Inferring cause-effect relationships between variables is of primary importance in many sciences. In this talk, I will discuss two approaches for making valid inference on treatment effects when a large number of covariates are present. The first approach is to perform model selection and then to deliver inference based on the selected model. If the inference is made ignoring the randomness of the model selection process, then there could be severe biases in estimating the parameters of interest. While the estimation bias in an under-fitted model is well understood, I will address a lesser known bias that arises from an over-fitted model. The over-fitting bias can be eliminated through data splitting at the cost of statistical efficiency, and I will propose a repeated data splitting approach to mitigate the efficiency loss. The second approach concerns the existing methods for debiased inference. I will show that the debiasing approach is an extension of OLS to high dimensions, and that a careful bias analysis leads to an improvement to further control the bias. The comparison between these two approaches provides insights into their intrinsic bias-variance trade-off, and I will show that the debiasing approach may lose efficiency in observational studies.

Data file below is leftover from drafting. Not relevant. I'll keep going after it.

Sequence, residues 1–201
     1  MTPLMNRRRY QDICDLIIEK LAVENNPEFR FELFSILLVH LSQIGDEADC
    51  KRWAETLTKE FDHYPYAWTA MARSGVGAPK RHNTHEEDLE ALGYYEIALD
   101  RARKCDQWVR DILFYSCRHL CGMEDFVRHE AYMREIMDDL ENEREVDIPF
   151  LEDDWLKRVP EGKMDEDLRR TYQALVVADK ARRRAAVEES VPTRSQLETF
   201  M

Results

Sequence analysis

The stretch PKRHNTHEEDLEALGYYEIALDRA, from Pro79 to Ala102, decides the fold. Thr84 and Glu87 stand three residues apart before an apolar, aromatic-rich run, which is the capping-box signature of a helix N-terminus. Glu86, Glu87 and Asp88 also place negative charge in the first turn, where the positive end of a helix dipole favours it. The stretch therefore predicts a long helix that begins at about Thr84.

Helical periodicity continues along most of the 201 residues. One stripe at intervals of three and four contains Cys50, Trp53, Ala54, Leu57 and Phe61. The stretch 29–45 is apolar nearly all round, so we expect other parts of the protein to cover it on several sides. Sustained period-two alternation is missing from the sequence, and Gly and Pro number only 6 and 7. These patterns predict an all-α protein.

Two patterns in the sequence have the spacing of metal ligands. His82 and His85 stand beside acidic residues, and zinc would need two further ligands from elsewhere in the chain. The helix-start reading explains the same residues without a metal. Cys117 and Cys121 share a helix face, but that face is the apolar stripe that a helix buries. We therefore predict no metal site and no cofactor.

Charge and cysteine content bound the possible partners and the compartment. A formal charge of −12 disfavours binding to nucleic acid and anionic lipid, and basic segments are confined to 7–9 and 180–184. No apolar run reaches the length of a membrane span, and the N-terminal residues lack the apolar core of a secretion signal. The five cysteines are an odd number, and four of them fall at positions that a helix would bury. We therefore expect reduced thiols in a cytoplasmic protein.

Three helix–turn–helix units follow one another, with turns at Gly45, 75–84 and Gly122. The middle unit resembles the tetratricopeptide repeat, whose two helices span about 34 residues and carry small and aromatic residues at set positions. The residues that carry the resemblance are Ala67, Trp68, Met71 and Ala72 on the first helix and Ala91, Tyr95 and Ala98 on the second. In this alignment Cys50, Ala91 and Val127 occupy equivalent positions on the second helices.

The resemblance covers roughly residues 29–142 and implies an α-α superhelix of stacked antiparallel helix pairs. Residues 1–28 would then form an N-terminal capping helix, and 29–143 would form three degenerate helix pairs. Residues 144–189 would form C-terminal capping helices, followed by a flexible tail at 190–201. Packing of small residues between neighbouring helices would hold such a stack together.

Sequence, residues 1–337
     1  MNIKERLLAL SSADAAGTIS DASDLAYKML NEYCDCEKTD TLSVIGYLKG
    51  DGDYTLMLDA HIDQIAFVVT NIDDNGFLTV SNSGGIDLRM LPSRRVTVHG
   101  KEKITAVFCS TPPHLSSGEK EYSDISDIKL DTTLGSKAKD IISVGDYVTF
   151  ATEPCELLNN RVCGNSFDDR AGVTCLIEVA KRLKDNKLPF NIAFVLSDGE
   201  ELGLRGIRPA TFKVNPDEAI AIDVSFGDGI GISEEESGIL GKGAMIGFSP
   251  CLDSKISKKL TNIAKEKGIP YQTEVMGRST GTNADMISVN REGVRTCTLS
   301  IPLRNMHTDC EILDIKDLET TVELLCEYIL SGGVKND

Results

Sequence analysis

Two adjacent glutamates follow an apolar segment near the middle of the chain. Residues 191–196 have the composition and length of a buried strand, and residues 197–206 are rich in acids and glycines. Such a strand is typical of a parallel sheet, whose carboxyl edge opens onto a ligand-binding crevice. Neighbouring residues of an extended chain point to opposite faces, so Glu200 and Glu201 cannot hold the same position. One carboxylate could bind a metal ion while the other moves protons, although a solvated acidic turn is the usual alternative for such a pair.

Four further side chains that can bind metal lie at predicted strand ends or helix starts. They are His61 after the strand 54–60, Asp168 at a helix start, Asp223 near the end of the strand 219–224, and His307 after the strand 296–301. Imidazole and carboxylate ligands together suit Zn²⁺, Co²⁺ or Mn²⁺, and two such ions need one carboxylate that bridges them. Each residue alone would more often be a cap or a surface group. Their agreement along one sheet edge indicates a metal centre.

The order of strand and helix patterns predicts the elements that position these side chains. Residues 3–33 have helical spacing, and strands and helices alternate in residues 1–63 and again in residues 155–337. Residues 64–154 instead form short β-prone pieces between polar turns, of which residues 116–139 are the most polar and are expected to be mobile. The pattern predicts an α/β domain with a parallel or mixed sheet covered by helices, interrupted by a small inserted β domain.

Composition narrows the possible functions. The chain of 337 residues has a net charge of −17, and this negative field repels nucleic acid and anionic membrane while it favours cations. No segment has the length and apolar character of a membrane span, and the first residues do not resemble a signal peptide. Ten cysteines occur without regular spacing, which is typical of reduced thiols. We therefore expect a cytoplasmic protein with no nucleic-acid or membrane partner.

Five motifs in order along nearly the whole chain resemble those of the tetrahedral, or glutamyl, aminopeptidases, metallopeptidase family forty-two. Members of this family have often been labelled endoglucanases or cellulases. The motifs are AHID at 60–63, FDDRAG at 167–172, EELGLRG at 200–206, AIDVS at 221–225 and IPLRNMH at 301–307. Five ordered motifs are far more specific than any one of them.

This is joint work with Xuming He and Gongjun Xu.

 

1/28/19

 

1/31/19

*Thursday

Time: 4:10 pm

Simon Mak (Georgia Tech)

Support points – a new way to reduce big and high-dimensional data”

Abstract: This talk presents a new method for reducing big and high-dimensional data into a smaller dataset, called support points (SPs). In an era where data is plentiful but downstream analysis is oftentimes expensive, SPs can be used to tackle many big data challenges in statistics, engineering and machine learning. SPs have two key advantages over existing methods. First, SPs provide optimal and model-free reduction of big data for a broad range of downstream analyses. Second, SPs can be efficiently computed via parallelized difference-of-convex optimization; this allows us to reduce millions of data points to a representative dataset in mere seconds. SPs also enjoy appealing theoretical guarantees, including distributional convergence and improved reduction over random sampling and clustering-based methods. The effectiveness of SPs is then demonstrated in two real-world applications, the first for reducing long Markov Chain Monte Carlo (MCMC) chains for rocket engine design, and the second for data reduction in computationally intensive predictive modeling.